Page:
However, micropolling has revealed something about Presidential Elections that needs to be highlighted if future Presidential hopefuls want to campaign more effectively to reach out to voters. Whilst it is true that Presidential candidates can only go so far in campaigning on local issues given the ghastly limited authority they would have in executive issues in the first place, regional campaigning can strengthen their chances of winning as having a solid comprehension of voter preferences in different parts of Singapore would allow candidates to properly divide their resources and time in focusing on garnering more support in areas where they are predisposed to not perform as successfully as in other areas. Such predispositions are indicative of the diversity that exists in our political landscape which is easy to undermine.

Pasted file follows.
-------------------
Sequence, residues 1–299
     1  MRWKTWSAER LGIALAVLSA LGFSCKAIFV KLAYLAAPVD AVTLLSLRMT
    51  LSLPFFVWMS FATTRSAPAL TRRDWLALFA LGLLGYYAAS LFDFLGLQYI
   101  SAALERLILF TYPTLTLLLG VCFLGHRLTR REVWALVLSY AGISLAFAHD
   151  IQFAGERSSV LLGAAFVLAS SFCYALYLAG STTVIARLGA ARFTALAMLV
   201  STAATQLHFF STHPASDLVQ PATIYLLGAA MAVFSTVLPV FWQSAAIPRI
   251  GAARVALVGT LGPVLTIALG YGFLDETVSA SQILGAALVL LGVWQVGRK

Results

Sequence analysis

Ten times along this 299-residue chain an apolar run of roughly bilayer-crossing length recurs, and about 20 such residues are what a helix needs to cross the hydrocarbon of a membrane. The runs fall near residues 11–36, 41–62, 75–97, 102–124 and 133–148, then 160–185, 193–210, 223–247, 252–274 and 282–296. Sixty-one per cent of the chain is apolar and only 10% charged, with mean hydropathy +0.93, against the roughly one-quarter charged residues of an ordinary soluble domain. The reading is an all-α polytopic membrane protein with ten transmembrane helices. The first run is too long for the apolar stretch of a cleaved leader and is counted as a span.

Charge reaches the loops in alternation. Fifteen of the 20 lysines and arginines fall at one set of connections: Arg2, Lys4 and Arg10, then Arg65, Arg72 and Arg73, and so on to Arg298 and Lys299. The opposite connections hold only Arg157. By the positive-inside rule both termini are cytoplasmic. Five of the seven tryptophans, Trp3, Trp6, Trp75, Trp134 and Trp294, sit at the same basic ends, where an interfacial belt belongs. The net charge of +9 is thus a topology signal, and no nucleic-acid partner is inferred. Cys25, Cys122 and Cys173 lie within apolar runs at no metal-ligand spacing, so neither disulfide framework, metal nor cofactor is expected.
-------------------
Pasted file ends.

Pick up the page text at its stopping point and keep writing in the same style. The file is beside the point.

Micropolling has helped propel the development of political analysis in Singapore and will continue to do so if independents running for the office of President are willing to take a closer look at the geographical aspect of local politics. In the meantime, those wishing to become MPs, too, have something to gain from this new way in which modern technology has impacted politics in our island-nation which will definitely be one step closer to becoming a more mature democracy as a result of this innovation.

“Some people still ask whether my long previous association with the PAP will stop me from acting independently. The answer is no. My loyalty is first and foremost, to the people of Singapore. It has always been so, and will always remain so”